China caves in, buys off protesting coal miners

Mar 15, 2016, 2:05 PM EDT
Chinese coal miners.
(Source: Michael Lau/flickr)

Beijing has put a speedy end to a protest by thousands of Chinese coal miners incensed over unpaid wages and layoffs in the northeast province of Heilongjiang. It started slowly last week and reached critical mass over the weekend, but the government began paying out wages on Monday and by Tuesday the crowd had dispersed.

Shuangyashan mine is part of Longmay Group, which is owned by the provincial government. It is typical of many of China’s state-owned coal and steel enterprises -- bloated, inefficient, and unprofitable. The miners were due two months’ wages, and were outraged when governor Lu Hao said the firm didn’t owe them anything. (Under pressure, he later had to apologize and admit wages were indeed withheld.)

Longmay Group is indisputably in need of restructuring. The firm uses 48 workers for every 10,000 tons of coal it produces -- three times the national average. Unsurprisingly, it has been making losses since 2012, although officials have propped it up for fear of labor unrest. However, the firm said last year that it would adopt a "wartime work atmosphere" to cut its 248,000 headcount by as much as 100,000. The firm has been reducing workers’ wages and hours to try to prod them to leave, but the protest shows the limit of how far that strategy can go.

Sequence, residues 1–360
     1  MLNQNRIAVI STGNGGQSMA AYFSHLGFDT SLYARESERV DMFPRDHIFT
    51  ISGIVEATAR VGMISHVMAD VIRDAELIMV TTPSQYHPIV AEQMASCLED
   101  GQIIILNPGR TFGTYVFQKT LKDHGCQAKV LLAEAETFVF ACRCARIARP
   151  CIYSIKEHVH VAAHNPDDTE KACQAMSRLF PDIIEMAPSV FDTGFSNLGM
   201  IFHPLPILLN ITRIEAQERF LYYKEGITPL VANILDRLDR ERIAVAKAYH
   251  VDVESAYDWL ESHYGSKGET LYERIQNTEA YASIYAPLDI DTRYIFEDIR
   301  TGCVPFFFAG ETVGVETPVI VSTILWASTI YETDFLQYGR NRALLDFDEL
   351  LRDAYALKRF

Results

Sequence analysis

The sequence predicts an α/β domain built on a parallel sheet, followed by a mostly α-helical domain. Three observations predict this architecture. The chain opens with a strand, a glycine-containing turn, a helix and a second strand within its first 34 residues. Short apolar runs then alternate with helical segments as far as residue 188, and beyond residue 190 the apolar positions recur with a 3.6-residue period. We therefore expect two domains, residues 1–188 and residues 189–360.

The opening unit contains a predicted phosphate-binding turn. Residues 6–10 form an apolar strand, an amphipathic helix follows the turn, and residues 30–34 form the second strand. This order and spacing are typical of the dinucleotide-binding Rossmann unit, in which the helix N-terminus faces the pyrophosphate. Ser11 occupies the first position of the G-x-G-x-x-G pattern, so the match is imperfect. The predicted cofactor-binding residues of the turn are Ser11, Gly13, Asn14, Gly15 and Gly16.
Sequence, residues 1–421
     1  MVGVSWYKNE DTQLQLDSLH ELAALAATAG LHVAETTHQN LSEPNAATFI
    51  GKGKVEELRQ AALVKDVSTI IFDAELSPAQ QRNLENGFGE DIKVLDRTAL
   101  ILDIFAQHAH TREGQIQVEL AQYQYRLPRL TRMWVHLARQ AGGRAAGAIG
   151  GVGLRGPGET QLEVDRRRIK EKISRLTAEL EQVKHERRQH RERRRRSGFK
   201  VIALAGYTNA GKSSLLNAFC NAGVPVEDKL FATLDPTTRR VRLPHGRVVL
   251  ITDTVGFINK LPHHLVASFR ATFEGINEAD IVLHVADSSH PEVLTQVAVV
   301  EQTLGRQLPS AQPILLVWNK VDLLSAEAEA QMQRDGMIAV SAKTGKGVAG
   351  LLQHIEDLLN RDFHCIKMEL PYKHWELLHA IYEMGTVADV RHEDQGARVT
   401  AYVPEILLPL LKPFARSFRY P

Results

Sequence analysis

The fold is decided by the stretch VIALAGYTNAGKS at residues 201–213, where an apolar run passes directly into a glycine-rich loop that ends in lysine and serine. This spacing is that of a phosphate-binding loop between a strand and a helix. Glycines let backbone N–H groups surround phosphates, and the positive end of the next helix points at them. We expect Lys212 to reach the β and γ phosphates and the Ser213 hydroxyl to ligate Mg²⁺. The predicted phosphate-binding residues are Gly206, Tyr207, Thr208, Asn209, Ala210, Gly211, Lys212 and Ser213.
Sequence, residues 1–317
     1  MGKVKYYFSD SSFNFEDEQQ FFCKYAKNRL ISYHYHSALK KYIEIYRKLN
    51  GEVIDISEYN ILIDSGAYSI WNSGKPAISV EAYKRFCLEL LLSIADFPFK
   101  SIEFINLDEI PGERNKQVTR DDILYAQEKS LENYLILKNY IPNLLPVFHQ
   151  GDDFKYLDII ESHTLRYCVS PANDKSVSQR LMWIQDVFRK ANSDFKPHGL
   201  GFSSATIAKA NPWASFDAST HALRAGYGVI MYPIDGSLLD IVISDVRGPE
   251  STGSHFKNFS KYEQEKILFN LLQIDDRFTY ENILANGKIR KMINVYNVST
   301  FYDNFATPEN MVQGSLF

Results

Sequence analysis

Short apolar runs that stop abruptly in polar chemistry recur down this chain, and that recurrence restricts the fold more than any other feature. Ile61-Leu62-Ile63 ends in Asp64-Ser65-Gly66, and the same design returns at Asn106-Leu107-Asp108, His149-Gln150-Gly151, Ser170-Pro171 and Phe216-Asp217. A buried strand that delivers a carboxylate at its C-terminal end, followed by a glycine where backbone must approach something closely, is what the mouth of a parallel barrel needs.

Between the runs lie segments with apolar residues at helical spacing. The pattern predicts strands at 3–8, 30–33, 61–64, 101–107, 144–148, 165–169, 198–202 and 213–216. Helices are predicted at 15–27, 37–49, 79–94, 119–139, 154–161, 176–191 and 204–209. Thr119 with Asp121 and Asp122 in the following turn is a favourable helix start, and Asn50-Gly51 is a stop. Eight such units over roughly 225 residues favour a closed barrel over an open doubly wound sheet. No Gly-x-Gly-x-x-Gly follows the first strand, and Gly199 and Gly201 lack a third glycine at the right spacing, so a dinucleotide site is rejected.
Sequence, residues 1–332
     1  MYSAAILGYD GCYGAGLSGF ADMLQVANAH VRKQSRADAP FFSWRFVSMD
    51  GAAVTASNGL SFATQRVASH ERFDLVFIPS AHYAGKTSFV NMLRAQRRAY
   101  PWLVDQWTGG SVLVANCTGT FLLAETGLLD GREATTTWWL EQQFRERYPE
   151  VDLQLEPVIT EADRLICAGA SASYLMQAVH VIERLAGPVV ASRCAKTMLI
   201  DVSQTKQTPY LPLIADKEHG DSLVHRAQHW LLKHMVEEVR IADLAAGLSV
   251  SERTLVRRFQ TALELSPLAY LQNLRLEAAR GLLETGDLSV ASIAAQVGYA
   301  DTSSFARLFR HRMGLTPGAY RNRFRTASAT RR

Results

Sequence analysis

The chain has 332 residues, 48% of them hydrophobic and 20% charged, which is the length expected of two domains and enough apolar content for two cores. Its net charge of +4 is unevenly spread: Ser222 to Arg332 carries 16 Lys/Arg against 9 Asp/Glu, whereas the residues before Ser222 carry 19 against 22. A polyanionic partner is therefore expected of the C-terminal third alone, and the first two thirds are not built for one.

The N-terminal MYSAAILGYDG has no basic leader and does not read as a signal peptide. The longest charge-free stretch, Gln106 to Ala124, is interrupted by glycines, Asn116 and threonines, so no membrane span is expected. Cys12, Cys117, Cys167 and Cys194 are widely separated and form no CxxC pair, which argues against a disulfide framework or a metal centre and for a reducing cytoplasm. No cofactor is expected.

The Shuangyashan mine protest is also a test case for Beijing’s plan to cut 1.8 million jobs from the coal and steel industries over the next two years, while spending $15.4 billion on workers’ severance, retraining, and relocation in new professions. This will not be a smooth process, since Beijing's worst fears of social unrest have already surfaced. Officials were able to buy off the protesters (backed by threats of a police crackdown for those thinking of lingering on), but future layoffs should be done more orderly, with alternative jobs already lined up. They need to happen though, for China’s economy and Beijing’s finances to remain on sound footing for the future. For more on China’s transforming economy, see the video of last year’s Blouin Creative Leadership Summit panel, Regional Focus: China.